Business & Policy
CFC seeks to empower brands to resist activists
By Brett Ruffell
Last year the industry saw an irksome trend endure. Global food companies, in response to pressure from deceptive activist groups, continued to roll out different poultry welfare policies.
In my last conversation with outgoing Chicken Farmers of Canada (CFC) executive director Mike Dungate before he moved on, I asked him to weigh in on these developments. “Mercy for Animals (MFA) is going around threatening to destroy their brands,” he said.
Dungate took issue with the Golden Arches’ recently unveiled chicken policies. “It’s not that McDonald’s statement is closer to what Mercy for Animals wants than to what we want,” he explained. “It’s that they’re being forced to go down this road.”
Dungate also disagrees with companies making commitments on behalf of producers. “We’ve told restaurants you’re making decisions that have no impact on your own business but that have every impact on a farmer’s business.”
In the end, MFA dismissed McDonald’s plans anyhow, Dungate pointed out. Its issues: the company wouldn’t cave to their demands for slower growing broilers and more floor space. He cited this as further proof that activists aren’t interested in farm animal welfare. Instead, their agenda is to make livestock farming uneconomical.
“If you believe in animal welfare and want better treatment of birds on farms then you’d support the only program that can make it happen on every farm in this country, and that’s ours,” he said. Dungate touted CFC’s support for the National Farm Animal Care Council’s approach to developing codes of practice where multiple stakeholders get a say in the process. What’s more, he noted, CFC’s program is third-party audited.
Dungate added that these one-size-fits-all approaches to welfare that food giants develop for often very different global markets are unfair to farmers. To emphasize how frustrating it can be, he said a producer might supply one processor who has severalcontracts with different restaurant companies, each of which has slightly unique standards that the farmer has to adhere to.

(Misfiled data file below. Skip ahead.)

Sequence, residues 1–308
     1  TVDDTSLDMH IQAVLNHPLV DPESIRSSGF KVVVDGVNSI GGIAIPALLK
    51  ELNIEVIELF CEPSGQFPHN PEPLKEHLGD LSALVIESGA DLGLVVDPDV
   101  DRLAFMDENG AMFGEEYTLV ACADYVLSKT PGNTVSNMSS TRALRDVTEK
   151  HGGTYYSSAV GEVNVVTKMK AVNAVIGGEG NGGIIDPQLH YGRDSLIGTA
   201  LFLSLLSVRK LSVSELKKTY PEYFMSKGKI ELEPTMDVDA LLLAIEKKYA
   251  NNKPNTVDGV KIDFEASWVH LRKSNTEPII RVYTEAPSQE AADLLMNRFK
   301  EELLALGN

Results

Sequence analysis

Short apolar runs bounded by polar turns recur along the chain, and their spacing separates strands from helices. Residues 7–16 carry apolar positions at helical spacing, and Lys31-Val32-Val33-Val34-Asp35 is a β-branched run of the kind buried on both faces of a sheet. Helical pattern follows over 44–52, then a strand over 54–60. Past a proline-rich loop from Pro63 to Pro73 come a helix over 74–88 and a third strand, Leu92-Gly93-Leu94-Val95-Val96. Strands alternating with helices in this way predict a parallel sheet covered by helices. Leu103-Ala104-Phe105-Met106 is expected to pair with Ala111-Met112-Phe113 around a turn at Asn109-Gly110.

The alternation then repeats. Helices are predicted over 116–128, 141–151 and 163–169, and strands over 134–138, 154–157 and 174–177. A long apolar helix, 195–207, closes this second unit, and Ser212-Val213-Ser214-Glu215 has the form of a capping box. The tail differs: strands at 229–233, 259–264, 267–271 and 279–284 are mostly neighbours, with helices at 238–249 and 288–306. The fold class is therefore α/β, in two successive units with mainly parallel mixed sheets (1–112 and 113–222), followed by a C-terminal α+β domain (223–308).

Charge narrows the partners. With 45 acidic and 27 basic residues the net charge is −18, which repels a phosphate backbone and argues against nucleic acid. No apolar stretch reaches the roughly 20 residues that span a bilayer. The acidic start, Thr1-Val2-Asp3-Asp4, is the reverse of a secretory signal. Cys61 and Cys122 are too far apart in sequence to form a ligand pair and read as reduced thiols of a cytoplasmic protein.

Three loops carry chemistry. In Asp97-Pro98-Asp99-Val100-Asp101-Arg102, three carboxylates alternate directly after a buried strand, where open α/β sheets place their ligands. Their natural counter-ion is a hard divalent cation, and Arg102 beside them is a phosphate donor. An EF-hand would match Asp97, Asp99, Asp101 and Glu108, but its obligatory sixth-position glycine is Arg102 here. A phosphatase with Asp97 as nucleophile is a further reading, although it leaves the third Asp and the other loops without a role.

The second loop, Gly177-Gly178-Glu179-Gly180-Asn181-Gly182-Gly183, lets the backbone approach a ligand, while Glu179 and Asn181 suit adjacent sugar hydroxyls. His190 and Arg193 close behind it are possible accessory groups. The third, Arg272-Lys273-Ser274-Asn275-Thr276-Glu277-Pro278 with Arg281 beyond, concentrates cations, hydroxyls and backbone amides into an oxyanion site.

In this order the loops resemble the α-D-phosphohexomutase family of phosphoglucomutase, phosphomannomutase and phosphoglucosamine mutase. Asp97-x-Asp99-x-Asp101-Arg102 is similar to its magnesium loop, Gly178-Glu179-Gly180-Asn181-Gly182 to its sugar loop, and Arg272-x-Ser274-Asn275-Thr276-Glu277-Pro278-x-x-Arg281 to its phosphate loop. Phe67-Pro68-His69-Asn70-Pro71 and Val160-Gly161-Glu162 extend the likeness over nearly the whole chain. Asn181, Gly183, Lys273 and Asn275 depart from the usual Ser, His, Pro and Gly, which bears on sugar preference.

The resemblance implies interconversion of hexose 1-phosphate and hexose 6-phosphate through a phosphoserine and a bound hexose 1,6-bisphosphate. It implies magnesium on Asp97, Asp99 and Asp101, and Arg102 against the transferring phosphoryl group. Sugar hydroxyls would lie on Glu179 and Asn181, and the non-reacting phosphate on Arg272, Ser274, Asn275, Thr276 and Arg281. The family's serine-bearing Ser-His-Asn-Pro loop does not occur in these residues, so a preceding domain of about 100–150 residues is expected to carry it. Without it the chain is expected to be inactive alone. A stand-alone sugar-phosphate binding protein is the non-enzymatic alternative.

One international food company even wanted its Canadian suppliers audited based on the U.S.-based National Chicken Council’s animal welfare program. CFC pushed back on that. “Why would they want that?” Dungate asked. “We have a better program and you’re confusing the farmer.”
What’s missing, he believes, is official recognition from the Canadian Food Inspection Agency (CFIA). NSF conducts third-party audits of both on-farm food safety and animal welfare for CFC. It sends the food safety report to CFIA to determine compliance. CFC wants the same process in place for its Animal Care Program.
CFIA accreditation would give restaurants and food service companies something official to anchor on to when activists pressure them. It would also make the issue precompetitive, the organization believes. CFC executives have been talking to government about implementing this accreditation for some time. “We’d like to be closer to getting this but we’re putting pressure on where we can,” Dungate said. “We’ve written, appeared before senate agriculture committees and raised it at meetings with agriculture ministers.”
He issued a challenge to activists. “If MFA truly cared about welfare on farms they’d come talk to us. They won’t do that because they’re not interested in the welfare of birds on the farm. They don’t want birds on the farm.”